Democratic party is to cheat the colored
man out of his right to vote to keep him
from the enjoyment of the 1 right to hold
office to make him the' serf, as of former
days, and to place him on the same footing
as the Indians, with the simple difference
that heiito pay a tax! With a bland smile
these anti-Republican orators and newspa
pers will tell you this is false I But ask
them what are their principles,' and they
cannot tell you. "Opposition to the Repub
lican party," perchance will be their vague
answer. We know this psrty their men
sad their arms, and we warn the colored
sen to keep aloof from them yield not to
their pleasant smiles, for in turn they will
smite you, and crush you under their feet I
We are led to these remarks by reading
an article that appeared in the Sentinel of a
recent date, which, we have every reason to
believe, is intirely false, and is bat a stretch
of the fertile imagination of the writer, to
hold up to the ridicule of. his readers, the
" ignorance of the colored people." , .
It is true, the colored people of the South
are not educated to any considerable extent
it is equally true, that while in the bonds
of slavery, they were not allowed schools or
the use of books, snd the white man who
dared to instruct them, save orally, subject
ed himself to heavy penalties. For this ig
norance, colored men, you are now held
up to ridicule by the Sentinel, which
is ' an earnest of that paper's love for
you, and which is an index of the
feelings and the policy of the Demo
cratic or Conservative party. It is against
our ideaof propriety to ridicule or bring
into ridicule an unfortunate race they have
oar sympathy, and we would rather elevate,
than pull them still lower down.
To show the animus of the Sentinel, in
this respect, we copy from its columns, the
following very funny bit ot wit (!) which
we trust every colored man will read and
that it will be read by white Republicans
to every unfortunate colored man, who has
sot the advantage of an education. ' This is
in keeping with the respect which that pa
per has, in common with its party, for the
colored people : " At a recent meeting of
the Board of "Brogdcn" Township, Wayne
county, "fur de puppus of transactin de
biznes ob de country fur dat township " as
they expressed it in the Record they passed
two road orders, and then adjourned, having
performed a bard day's work.
One of the Board being a J. P., was then
called upon to "help set on a case," the case
being the trial of two colored females for
an alleged affray. After paying crose atten
tion to the " obedience.,' which was concln
sive as to the guilt of the parties, the wise
Judge declared that "bcin as how he was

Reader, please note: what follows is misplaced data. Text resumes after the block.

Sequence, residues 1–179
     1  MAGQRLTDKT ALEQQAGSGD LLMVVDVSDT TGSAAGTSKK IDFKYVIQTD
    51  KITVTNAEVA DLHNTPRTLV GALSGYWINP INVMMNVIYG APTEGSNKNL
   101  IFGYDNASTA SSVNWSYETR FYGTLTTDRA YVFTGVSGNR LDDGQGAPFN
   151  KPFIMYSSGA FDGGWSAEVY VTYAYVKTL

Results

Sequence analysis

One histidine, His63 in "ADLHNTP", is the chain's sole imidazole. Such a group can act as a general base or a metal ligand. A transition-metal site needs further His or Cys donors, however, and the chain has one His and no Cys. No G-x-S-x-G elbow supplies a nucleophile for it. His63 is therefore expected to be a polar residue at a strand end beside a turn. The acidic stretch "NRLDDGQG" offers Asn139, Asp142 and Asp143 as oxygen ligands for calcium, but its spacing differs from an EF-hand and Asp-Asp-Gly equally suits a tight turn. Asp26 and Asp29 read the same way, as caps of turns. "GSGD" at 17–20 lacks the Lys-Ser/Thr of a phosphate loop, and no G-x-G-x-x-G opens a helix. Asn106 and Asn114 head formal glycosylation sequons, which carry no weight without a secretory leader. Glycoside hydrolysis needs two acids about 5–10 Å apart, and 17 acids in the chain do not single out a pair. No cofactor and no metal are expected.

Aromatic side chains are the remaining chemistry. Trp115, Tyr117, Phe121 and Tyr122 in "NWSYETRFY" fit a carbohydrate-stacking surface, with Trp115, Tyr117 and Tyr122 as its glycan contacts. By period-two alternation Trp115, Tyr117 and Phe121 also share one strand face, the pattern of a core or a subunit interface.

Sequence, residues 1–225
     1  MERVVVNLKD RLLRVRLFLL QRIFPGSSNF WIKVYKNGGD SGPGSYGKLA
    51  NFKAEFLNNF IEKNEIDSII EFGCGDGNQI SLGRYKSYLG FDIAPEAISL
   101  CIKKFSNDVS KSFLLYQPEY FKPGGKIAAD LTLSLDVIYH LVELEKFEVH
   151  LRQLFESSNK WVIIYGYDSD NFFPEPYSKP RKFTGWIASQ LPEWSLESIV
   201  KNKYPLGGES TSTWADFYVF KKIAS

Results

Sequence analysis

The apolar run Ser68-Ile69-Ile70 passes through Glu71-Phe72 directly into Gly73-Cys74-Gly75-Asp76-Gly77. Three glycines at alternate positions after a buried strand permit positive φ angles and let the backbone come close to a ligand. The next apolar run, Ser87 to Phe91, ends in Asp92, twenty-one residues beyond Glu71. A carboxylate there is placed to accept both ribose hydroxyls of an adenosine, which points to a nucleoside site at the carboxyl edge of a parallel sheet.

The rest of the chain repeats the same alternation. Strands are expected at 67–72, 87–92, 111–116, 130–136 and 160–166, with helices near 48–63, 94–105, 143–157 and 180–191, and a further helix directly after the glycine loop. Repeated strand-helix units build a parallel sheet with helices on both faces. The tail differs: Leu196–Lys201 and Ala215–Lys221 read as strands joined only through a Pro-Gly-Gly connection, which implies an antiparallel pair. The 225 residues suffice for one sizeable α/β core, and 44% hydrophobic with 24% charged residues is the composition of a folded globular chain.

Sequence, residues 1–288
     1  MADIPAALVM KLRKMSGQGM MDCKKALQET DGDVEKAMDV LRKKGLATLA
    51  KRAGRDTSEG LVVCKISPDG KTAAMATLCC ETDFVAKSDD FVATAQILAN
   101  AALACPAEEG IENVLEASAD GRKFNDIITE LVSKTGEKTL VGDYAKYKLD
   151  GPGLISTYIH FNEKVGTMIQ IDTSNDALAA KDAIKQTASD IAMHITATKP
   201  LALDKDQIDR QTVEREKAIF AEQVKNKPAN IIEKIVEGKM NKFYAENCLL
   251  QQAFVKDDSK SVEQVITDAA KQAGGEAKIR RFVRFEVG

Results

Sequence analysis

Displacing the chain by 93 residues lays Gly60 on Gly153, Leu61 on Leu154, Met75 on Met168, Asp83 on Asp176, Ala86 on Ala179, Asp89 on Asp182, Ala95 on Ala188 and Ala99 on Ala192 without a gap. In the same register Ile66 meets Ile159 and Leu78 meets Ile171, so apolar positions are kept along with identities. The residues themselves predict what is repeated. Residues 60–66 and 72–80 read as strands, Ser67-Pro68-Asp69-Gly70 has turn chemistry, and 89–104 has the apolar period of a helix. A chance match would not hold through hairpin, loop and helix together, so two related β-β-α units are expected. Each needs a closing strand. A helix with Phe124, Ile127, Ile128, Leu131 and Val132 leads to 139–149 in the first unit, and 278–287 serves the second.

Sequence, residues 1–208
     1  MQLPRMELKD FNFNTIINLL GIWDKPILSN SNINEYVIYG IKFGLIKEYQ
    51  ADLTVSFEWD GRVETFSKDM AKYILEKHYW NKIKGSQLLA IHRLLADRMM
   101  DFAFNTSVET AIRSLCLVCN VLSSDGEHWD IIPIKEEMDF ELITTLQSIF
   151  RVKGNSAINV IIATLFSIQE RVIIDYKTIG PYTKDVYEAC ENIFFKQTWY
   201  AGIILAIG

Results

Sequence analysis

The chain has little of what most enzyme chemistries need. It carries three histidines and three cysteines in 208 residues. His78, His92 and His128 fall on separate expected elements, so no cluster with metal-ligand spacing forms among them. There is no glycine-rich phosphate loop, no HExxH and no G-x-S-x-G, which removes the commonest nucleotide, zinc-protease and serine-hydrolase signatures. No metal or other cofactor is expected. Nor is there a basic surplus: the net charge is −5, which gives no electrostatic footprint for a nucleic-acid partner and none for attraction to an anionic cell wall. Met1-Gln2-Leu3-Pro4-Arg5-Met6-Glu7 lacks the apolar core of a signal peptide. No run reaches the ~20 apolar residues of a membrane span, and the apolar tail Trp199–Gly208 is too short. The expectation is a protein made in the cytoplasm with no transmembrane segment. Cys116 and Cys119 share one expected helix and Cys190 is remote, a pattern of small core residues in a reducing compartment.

onaquainted wid de procedunces in sich
cases, he was onablc to gub judgment "
whereupon, a bystander suggnsted that the
the vote of the crowd be taken, to which
his worship consented.
The justice Wen put the question "It
has been moved and seconded, dat dia
case be dismissed, all of you who is in
favor ob dat motion will let it be known by
saying " Aye.,', The vote was unanimous
in the affirmative, and the case dismissed,
and the last our informant saw of the par
tics they were going towards the doggery "to
git de money changed to pay dc coss."
Another Atlantic Cable.
The more electric cables across the Atlan
tic the better, says the New York Herald.
The quicker and more reliable the commu
nication between Europe and America the
greater will be the advance in civilization
in both hemispheres. Therefore we are glad
to see that the Belgian government gives its
adhesion to the scheme of laying a new At
lantic cable from Belgium to some point, yet
to be selected, upon the American coast,
from Maine to Georgia. Wc need a telegraph
line having a terminus upon our own soil1
We need it in order that we may be to some
extent independent of foreign countries in
the receipt of important news. . The increase
of telegraphic communication with Europe
will increase the business, just as greater
facilities in the postal service and the rail
roads have multiplied the transport of letters
and the proportion of travel. The French
cable has not interfered to any sensible de
gree with the business of the British lines
from Ireland. All the new lines will make
trade for themselves.
Now that we have secured a fair tele
graphic intercourse across the Atlantic, the
next thing to be done is to get a submarine
cable under the Pacific, to put us in imme
diate communication with Asia and the
great empire of China and Japan. (This
can be done to a great extent without going
out of our own territory, by using the chain
of the Aleutian Islands for the overland
portion of the line, and taking our subma
rine points of connection there. A Pacific
cable is there quite practicable. We need
not urge its advantages, but can only hope'
that it will be undertaken.
' A War of Fire ia Cnba.
General Cespedes, President of the Cuban
republic, says the New York Herald, has is
sued a decree urging the Cubans devoted to
the cause ot independence to the destruction
ot every sugar cane field on the bland, and
that " the ripening tobecco crop be also de
stroyed as far as may lie, whether in the
field or after gathered for curing." The ob
ject is to reduce as far as possible the reven
ues of $37,000,000 which Spain derives from
Cuban sugar and tobacco and othcrproducts
mmi frrnim mliii fc alia obtains -h.inc,,.Jcf.
war. mo emancipated oiacKS, woo know
every plantation road, and by-path in the
island, are to be chiefly employed in this
war of fire. "The more effectually," saya
Cespedes, "this work of destruction is ac
complished the more swiftly will our holy
cause be advanced and the goal of freedom